The Supreme Court ruled unanimously on Monday that states could ban so-called faithless electors — meaning, for instance, that if Colorado’s voters choose a Democrat for president, Colorado can require its Electoral College members to vote for the Democrat. The decision will help stop electors from “going rogue,” as seven of 538 did in 2016.
It also raises some broader questions about the future of the Electoral College, and, in particular, about the so-called National Popular Vote Interstate Compact, in which states accounting for at least 270 electoral votes would agree to award their electors to whichever presidential candidate received the most votes nationwide. Fifteen states and the District of Columbia, with 196 electoral votes among them, have signed on, but their commitment will not take effect unless enough states join them to reach 270.
Supporters of the compact see it as a way to functionally abolish the Electoral College without going through the extraordinarily difficult process of amending the Constitution to abolish it formally.
So if the Supreme Court has confirmed that electors can be required to vote in accordance with their state’s popular vote, does that mean they can also be required to vote in accordance with the national popular vote? Did proponents of a national popular vote just get a hidden victory?
In a word, no — but there could be some subtle benefits for them.
“The kind of challenges that would be mounted against the National Popular Vote Compact involve different legal questions,” said Richard L. Hasen, an election law expert at the University of California, Irvine.
Those challenges would probably relate to the Compact Clause of the Constitution, which says in part that states can’t “enter into any agreement or compact with another state” without congressional approval. Courts have generally found that this restriction applies only to interstate agreements that increase states’ power at the expense of the federal government, or that lessen the power of states that aren’t in the agreement.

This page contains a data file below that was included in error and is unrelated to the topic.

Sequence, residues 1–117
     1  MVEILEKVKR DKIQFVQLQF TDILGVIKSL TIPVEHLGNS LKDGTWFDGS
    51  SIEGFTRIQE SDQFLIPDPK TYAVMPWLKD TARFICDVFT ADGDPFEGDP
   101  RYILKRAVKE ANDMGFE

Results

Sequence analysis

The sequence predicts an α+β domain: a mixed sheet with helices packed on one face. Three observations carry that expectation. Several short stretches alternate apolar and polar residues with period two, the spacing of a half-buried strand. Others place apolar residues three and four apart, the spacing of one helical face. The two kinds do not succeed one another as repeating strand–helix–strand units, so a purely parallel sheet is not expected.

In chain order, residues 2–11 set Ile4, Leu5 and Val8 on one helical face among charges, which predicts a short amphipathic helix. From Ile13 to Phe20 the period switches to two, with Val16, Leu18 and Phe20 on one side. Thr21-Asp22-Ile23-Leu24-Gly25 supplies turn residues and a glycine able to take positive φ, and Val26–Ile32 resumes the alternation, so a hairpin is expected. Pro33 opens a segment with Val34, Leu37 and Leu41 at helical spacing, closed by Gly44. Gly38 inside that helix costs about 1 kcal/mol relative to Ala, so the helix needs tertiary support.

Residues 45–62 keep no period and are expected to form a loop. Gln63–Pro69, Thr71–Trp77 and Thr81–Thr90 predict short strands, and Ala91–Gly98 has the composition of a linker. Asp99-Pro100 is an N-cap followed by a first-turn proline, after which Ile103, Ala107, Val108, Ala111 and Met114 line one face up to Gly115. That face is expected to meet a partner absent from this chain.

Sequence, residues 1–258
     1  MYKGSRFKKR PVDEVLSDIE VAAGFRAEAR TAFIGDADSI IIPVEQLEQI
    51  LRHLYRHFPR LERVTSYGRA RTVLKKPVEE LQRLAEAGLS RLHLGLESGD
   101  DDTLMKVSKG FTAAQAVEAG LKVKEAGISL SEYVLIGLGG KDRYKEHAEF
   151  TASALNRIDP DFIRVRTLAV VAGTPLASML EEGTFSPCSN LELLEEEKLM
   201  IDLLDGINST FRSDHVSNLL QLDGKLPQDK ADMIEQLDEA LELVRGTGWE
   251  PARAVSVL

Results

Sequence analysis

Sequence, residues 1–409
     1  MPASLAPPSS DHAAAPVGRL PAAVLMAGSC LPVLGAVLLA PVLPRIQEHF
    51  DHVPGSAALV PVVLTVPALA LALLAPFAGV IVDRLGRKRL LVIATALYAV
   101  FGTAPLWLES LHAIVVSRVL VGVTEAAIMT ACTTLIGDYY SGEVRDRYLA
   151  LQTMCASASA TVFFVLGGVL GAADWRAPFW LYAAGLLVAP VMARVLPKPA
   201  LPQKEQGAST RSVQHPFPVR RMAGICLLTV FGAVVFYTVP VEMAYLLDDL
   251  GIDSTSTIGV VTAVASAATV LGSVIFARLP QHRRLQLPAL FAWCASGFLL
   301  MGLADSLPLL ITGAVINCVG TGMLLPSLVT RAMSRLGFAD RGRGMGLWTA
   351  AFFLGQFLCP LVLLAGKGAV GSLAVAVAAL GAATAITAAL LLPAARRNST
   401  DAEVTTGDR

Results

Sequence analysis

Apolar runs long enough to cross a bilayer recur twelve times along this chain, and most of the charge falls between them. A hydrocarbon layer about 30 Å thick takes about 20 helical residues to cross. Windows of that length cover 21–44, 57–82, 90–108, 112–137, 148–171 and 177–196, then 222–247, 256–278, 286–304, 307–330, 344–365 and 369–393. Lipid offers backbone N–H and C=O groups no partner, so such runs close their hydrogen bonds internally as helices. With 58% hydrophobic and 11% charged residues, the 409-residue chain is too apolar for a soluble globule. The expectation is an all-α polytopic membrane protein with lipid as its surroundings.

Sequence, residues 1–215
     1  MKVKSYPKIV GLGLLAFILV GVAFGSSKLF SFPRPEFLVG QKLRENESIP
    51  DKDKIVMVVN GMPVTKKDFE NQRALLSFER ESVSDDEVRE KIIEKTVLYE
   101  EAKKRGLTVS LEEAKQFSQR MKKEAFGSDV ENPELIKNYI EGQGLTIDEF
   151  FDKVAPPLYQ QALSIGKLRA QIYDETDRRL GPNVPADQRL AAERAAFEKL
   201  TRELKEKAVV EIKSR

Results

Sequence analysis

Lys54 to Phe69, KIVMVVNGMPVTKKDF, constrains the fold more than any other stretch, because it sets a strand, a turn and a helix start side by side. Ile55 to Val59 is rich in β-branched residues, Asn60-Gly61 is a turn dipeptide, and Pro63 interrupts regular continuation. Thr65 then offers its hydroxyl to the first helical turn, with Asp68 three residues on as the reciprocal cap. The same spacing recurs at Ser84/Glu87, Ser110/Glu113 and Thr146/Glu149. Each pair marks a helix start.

The question, then, is “whether or not the National Popular Vote Compact would be the kind of compact between states that could not be enacted without congressional approval,” Professor Hasen said, “and that’s something that the court didn’t speak to at all.”
There are, however, some indirect ways in which the ruling could affect national popular vote efforts.
From a legal standpoint, you can’t draw a line between the court’s ruling on Monday and national popular vote efforts, but “politically speaking, you absolutely can,” said Jessica A. Levinson, a professor at Loyola Law School in Los Angeles who studies election law and hosts a podcast on politics and the law.
“By strengthening the Electoral College and making it more rigid, I think it actually emboldens the national popular vote movement,” Professor Levinson said.
The chance for electors to go rogue in past elections, she said, may actually have lessened the pressure to abolish the Electoral College because electors had the ability, at least in theory, to support the winner of the national popular vote if they wanted to — even if, in practice, they almost never did (case in point: 2016). Monday’s ruling ensures that in most states, that will no longer be allowed.
More practically speaking, if the court had ruled the other way, it might have made the National Popular Vote Compact unenforceable. After all, if the justices had found that states cannot force electors to vote a certain way, then states presumably couldn’t have forced electors to abide by the national popular vote.
Chief Justice John G. Roberts Jr. brought that up in oral arguments in May, asking Lawrence Lessig, who was arguing in favor of faithless electors, “Under your view, there would be no way to enforce the popular vote referendum?”
Mr. Lessig said that assessment was correct: The compact would require participating states to choose a set of electors “that fits with the winner of the national popular vote, and that slate of electors then would have the same discretion, legal discretion, that we believe any elector has.”
The justices’ rejection of Mr. Lessig’s arguments, then, at least leaves open the possibility that the compact could be enforced.
Interestingly, Mr. Lessig supports the National Popular Vote Compact and had suggested that he saw the lawsuit the Supreme Court resolved on Monday as a way to put pressure on Americans to abandon the Electoral College system. The idea was that perhaps with enough faithless electors, the system would become so chaotic that there would be little choice but to tear it down.
Professor Levinson said she was not convinced by that argument. “We have plenty of broken systems, and it seems to me we’re fairly comfortable living with them,” she said.
Adam Liptak contributed reporting.
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